Home' HR Monthly : April 2015 Contents WHAT IS YOUR OPINION?
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It’s the people leaders in an organisation who heavily influence the
business culture and how employees experience that culture.
The Australian Workplace Equality Index, published by Pride In
Diversity, measures workplace inclusivity for lesbian, gay, bisex ual,
transgender and intersex employees. It indicates that, among the
index’s top 10 employers, 84.9 per cent of respondents believe their
senior leaders support inclusion. Outside the top 10, the figure is
71.3 per cent.
In my experience, when respected senior leaders put their names
to something as a group, change happens. Think of the Male
Champions of Change initiative – a group of CEOs who aim to use
their individual and collective influence and commitment to ensure
the issue of women’s representation in leadership is elevated on the
national business agenda.
Or the ‘reverse mentoring’ programs where senior leaders are
paired with typically more junior employees from diversity action
groups with the aim of learning more about their ‘lived experience’
in the workplace.
Creating an inclusive cultu re requires support at all levels and is
underpinned by support strategies in HR (creation of flex ible work
arrangements), talent management (promotion of unconscious
bias and inclusion training to recruitment staff), and client and
Ultimately, the bottom-up and top -down approaches work best in
tandem rather than in isolation.
A bottom-up approach aims to have a rich, deep, transformative
conversation with a critical mass of staff around issues of diversity
and race. Through the lenses of unconscious bias and privilege,
people can scan their workplace to ensure it is inclusive for all staff.
Commitment and approaches to diversity and inclusion vary.
Some organisations are merely concerned with meeting compliance
obligations. A second approach moves beyond compliance by asking
questions such as, “How do we implement a checklist that gets us
accreditation with organisations such as Pride In Diversity?”
The most successful approach is integrated and grows culturally
from the bottom up. This is exemplified by the Courageous
Conversations About Race program, developed by the Pacific
Educational Group and implemented by UWA and won the 2014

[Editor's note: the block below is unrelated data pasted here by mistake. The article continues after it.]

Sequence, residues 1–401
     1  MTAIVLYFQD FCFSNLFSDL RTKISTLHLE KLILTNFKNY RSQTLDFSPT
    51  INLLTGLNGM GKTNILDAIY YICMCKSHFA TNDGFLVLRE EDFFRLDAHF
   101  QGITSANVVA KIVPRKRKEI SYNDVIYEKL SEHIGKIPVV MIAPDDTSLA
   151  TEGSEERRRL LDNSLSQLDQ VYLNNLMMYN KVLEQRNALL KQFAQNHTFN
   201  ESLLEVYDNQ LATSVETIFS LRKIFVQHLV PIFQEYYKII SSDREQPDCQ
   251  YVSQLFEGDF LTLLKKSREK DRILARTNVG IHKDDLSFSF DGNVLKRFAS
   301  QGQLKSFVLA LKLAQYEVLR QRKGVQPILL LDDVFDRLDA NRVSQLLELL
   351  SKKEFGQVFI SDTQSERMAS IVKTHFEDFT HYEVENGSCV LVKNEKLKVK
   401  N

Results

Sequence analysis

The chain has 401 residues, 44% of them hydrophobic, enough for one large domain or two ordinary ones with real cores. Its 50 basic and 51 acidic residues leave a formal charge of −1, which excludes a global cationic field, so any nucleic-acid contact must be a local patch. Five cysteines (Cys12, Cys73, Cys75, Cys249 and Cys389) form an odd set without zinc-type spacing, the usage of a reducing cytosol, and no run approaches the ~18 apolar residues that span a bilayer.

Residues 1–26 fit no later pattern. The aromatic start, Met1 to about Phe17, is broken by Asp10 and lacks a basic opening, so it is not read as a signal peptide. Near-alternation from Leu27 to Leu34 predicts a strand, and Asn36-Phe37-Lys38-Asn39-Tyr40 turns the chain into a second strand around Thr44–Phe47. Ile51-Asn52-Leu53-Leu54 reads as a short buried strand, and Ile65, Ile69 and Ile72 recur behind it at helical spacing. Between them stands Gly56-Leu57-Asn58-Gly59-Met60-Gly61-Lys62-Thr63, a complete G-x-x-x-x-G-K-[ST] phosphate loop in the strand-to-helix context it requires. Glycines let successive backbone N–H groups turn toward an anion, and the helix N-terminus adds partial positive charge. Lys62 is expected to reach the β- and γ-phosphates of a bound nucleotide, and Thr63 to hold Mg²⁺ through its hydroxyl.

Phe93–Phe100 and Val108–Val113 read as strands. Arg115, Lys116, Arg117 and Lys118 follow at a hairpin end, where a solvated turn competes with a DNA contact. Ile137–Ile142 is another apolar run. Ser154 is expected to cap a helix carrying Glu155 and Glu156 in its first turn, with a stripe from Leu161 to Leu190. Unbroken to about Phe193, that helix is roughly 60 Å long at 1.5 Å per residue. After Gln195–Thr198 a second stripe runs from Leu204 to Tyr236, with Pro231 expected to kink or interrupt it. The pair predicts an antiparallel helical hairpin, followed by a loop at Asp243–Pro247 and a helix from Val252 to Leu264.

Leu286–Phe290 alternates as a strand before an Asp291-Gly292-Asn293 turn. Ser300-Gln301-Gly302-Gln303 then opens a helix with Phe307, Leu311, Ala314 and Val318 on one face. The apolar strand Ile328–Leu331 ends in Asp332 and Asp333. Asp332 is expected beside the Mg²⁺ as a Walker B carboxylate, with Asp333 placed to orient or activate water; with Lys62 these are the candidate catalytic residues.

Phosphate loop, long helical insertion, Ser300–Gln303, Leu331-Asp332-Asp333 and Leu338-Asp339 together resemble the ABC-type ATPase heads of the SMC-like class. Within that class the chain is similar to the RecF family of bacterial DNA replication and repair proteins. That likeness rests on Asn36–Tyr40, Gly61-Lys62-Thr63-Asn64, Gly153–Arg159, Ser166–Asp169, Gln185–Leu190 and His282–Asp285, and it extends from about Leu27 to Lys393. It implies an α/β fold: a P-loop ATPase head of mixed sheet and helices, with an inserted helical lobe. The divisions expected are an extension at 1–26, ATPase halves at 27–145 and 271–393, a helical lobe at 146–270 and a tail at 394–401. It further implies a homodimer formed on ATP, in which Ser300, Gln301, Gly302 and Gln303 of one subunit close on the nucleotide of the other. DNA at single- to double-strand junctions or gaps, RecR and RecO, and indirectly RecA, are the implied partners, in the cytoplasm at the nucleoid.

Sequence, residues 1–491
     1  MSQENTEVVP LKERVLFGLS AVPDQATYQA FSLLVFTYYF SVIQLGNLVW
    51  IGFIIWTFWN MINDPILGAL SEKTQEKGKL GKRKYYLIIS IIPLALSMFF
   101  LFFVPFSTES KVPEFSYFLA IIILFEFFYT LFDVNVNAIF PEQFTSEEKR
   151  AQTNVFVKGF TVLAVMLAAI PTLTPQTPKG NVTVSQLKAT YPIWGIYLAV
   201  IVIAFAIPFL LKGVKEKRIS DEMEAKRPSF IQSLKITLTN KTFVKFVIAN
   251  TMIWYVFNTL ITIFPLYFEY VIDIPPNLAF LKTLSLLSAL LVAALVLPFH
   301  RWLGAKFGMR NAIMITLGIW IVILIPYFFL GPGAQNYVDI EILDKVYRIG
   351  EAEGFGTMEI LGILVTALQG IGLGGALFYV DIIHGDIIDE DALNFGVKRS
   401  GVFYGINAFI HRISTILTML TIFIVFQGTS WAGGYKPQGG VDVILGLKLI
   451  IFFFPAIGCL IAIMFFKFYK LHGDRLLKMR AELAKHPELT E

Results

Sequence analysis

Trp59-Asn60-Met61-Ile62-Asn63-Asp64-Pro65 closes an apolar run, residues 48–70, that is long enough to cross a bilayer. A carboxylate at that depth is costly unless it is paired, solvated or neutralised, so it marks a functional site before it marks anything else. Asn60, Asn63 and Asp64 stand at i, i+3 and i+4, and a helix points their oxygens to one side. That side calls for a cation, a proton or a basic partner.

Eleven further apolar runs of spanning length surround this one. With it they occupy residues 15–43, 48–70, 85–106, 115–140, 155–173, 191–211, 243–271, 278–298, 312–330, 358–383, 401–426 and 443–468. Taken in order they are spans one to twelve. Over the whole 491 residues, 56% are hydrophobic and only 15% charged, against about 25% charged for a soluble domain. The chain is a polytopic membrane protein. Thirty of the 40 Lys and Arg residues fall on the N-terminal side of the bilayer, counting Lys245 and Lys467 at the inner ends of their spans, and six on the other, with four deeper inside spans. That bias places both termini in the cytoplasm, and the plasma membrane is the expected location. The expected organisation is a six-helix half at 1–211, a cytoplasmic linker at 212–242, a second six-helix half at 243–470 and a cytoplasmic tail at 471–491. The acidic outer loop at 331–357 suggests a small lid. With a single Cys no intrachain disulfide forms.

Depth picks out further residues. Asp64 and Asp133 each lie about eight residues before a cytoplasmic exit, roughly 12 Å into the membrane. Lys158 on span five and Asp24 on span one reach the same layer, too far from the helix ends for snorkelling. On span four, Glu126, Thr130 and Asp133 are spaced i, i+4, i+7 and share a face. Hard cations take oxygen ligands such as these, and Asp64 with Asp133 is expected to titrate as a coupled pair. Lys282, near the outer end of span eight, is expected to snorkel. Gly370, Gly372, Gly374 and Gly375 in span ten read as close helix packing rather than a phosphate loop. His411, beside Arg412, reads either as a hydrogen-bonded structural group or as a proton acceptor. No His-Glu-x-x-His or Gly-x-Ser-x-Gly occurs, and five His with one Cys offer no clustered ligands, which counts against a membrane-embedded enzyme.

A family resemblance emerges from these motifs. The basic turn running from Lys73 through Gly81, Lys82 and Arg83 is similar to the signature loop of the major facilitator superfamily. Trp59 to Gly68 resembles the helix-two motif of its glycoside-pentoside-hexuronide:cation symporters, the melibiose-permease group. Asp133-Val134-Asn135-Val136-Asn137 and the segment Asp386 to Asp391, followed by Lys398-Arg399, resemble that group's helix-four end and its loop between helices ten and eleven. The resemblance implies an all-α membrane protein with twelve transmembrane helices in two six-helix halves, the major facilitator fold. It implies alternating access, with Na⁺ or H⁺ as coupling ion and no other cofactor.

AHRI Inclusion and Diversity Award. The university community
engaged in a meaningful ‘conversation’ involving more than 30 00
staff and 5000 students. From that has come numerous examples of
people moving in their thinking and then being motivated to make a
difference in their personal and professional lives.
Pamphlets and codes of conduct don’t transform people. But when
they participate in a Courageous Conversation workshop, there’s a
‘Now I understand’ moment. They become more attuned to racial
nuances and the need to change organisational behaviours, such as
how meetings are conducted, consultations are managed and merit
is constructed. You have success when people don’t have to self-edit
and know it is culturally safe to bring all of who they are to work.
WORKPLACE EDUCATION AND
PRIDE IN DIVERSITY
FOR OR AGAINST?
TWO HR PROFESSIONALS TACKLE A TOPICAL DEBATE EACH MONTH.
Q SHOULD THE APPROACH TO INCLUSION AND DIVERSITY BE ‘PUSH
FROM THE BOTTOM’ OR ‘PULL FROM THE TOP’?
SENIOR DIVERSITY OFFICER,
EQUITY AND DIVERSITY,
2-day technical & experiential workshop
For executives, HR/OD/L&D specialists,
educators, facilitators, consultants and
influencers who want to improve the
effectiveness of their work with groups
Adelaide, 25-26 June
Melbourne, 27-28 July
Sydney, 30-31 July
Brisbane, 20-21 August
Hong Kong, 26-27 October
The psychology of group dynamics – Reading the group / reading self
– Transference and counter-transference – Establishing your authority,
staying in role – Building a holding environment that enables challenging
work to be done – Holding the frame, staying steady when the group
wants to disarm you – Dependency, co-dependency and giving the work
back – The drawbacks of default positions, windchimes & internal
chatter – Assessing the limits of your permission to act – Regulating
the heat & raising the stakes – Holding up the mirror rather than
telling people what they want to hear – Reading the signs of overt
& unconscious resistance in groups – Getting on the balcony and off
the dance floor – Observing patterns, diagnosing, intervening with
purpose – Structuring and sequencing to build trust – Using feedback
to identify & explore “undiscussibles” – Working with contentious
issues & difficult people – The pitfalls of approaching complex and
ambiguous issues with too much structure – Identifying when your
organisational change & improvement work is not technical in nature but
is relational and adaptive – Getting the physical setting right – Increasing
commitment, co-operation and action at work and with your clients
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